STATEN ISLAND, N.Y. — February 2, 2013. “Staten Island Chuck” is the local zoo’s most famous resident, weather forecaster, and optimistic prognosticator — but this year, even though Chuck predicted an early Spring, there was a shadow cast on Groundhog Day.
Mayor Michael Bloomberg has been battling the United Federation of Teachers for most of his tenure, currently on the issue of teacher evaluations. Recently the mayor announced his intention to seek competitive bids for school bus contracts as a cost cutting measure — a move Local 1181 of the Amalgamated Transit Union responded to by calling a strike. The ATU represents drivers and matrons currently employed by bus companies serving NYC’s Department of Education. The disruption in service angered some parents who formed a group called Parents In Support of Transportation or “PIST.” Bloomberg reacted to the strike and the frustrated parents — including the PIST members who support the strikers — by hiring replacement workers, exacerbating the conflict.
Bloomberg, the self-proclaimed education mayor, is now engaged in a two front struggle with labor: battling UFT educators on the issue of what constitutes a fair evaluation system, and the ATU on the issue of “competitive bids” which some labor activists regard as an attempt to award contracts to companies that use non-union labor.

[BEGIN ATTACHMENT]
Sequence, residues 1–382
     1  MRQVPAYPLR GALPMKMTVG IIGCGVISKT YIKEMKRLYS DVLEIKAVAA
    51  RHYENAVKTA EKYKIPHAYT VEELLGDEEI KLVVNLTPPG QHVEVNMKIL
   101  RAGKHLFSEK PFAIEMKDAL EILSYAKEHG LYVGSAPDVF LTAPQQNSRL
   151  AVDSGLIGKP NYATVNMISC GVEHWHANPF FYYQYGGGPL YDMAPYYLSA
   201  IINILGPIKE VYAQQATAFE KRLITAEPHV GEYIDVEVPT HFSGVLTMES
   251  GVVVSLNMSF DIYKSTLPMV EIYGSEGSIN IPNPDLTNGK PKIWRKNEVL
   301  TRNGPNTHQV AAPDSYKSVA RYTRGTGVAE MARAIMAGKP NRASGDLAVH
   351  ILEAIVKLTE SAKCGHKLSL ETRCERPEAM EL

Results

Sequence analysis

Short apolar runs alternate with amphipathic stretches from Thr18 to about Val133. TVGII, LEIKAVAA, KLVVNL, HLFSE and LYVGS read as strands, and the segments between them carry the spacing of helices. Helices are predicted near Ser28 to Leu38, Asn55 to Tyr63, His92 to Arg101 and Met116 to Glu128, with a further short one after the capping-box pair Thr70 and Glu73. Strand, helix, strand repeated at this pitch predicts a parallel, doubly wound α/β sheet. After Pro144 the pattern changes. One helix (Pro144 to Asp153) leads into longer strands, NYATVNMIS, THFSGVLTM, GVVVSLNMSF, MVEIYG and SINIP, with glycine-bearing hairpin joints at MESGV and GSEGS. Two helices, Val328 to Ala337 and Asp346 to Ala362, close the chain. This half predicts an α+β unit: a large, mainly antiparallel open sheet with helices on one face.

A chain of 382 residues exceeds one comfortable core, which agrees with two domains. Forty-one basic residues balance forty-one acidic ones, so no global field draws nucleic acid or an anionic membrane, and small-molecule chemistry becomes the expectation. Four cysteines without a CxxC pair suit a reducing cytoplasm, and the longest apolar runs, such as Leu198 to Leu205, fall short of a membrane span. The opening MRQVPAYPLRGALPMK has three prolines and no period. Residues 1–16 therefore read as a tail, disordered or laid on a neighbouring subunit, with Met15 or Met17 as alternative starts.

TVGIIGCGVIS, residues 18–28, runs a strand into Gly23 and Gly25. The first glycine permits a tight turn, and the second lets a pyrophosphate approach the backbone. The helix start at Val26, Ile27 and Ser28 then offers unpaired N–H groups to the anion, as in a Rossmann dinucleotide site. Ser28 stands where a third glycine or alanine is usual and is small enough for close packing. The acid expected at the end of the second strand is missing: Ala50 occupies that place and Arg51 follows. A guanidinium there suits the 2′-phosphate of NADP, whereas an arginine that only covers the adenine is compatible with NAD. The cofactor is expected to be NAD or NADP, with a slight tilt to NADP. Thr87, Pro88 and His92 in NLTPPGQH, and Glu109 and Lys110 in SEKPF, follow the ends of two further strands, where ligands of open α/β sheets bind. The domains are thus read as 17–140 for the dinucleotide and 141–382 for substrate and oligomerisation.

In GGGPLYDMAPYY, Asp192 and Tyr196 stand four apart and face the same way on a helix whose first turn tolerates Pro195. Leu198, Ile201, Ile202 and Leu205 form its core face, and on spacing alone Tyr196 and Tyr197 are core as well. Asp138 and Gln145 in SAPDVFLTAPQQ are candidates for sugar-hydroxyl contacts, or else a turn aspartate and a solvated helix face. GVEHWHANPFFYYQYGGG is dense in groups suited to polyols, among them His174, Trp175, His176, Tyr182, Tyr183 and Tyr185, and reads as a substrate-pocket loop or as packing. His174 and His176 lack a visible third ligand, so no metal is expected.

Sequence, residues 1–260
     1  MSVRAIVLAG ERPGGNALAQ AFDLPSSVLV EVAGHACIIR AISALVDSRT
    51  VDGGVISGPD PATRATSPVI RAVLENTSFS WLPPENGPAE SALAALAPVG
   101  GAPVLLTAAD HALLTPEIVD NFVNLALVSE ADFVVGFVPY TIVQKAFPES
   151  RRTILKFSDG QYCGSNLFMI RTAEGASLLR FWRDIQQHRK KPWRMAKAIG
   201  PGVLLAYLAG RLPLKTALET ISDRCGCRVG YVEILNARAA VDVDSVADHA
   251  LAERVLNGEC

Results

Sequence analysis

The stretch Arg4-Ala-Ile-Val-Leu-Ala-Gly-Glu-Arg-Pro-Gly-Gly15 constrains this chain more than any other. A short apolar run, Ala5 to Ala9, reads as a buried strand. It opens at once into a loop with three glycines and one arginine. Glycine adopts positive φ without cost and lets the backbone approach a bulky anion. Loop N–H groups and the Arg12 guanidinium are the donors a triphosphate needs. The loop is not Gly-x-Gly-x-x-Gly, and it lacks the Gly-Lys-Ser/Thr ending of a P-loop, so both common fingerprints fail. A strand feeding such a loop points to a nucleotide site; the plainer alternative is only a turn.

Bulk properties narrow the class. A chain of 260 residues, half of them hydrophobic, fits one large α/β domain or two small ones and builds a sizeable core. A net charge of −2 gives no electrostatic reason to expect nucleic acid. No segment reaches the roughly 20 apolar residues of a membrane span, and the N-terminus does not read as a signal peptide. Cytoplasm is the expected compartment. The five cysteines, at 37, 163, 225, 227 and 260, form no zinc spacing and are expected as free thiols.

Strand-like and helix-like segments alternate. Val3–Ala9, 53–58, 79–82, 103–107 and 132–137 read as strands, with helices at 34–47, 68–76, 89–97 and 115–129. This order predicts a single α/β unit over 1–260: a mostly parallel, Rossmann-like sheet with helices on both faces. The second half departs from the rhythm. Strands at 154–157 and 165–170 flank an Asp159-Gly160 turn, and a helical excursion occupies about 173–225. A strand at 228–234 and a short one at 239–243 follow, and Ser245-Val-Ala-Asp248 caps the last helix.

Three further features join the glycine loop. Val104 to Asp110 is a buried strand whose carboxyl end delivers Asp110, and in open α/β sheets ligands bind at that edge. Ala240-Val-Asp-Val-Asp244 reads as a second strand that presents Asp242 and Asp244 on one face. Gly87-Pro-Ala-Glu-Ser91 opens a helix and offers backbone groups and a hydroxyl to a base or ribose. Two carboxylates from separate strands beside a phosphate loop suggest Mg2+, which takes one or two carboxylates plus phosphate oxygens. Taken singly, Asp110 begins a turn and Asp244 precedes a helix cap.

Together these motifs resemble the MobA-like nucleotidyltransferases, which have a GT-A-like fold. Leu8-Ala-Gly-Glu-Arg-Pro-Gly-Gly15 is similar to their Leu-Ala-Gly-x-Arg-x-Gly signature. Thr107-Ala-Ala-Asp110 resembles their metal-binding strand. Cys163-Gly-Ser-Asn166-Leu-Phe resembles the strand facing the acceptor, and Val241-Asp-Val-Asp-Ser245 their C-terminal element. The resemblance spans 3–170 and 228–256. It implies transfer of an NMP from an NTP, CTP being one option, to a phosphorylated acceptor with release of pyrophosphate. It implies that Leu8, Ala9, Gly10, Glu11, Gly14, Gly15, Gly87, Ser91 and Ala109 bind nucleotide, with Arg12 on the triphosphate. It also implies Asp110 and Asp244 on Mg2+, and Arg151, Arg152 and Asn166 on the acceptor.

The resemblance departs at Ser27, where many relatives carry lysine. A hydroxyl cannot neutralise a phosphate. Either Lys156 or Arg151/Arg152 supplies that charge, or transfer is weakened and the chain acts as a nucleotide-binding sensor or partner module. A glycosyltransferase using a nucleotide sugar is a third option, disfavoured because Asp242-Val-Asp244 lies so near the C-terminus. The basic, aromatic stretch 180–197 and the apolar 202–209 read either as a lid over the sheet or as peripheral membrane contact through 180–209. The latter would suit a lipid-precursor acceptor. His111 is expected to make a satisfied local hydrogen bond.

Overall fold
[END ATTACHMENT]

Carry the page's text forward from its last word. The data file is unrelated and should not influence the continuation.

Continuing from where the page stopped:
On Saturday, Groundhog Day, the Staten Island Zoo held its annual prognostication event. Staten Island Chuck, the resident groundhog and meteorologist, was on hand to perform his customary role of predicting when Spring will arrive. But Mayor Bloomberg, who traditionally takes part in the ceremony, was not present. In 2009, Chuck bit Bloomberg after the mayor grabbed the groundhog, attempting to pull the animal out of its lair. The mayor’s press office offered no explanation for his absence this year but Bloomberg’s post-bite incident, specially made, kevlar gloves were wielded by City Council Speaker Christine Quinn. Chuck did not see his shadow, thus predicting an early Spring. But a short distance away, just outside the zoo’s main gate, the missing mayor’s shadow was clearly visible.
Over a hundred members of ATU Local 1181 picketed the event, braving frigid temperatures and a biting wind. Several of the strikers told this reporter that they want to be back at work — and to know that their jobs are safe. “I miss my children,” one matron said.
The ATU members were joined on the picket line by a number of teachers, active and retired, and members of the Communications Workers of America, Local 1102.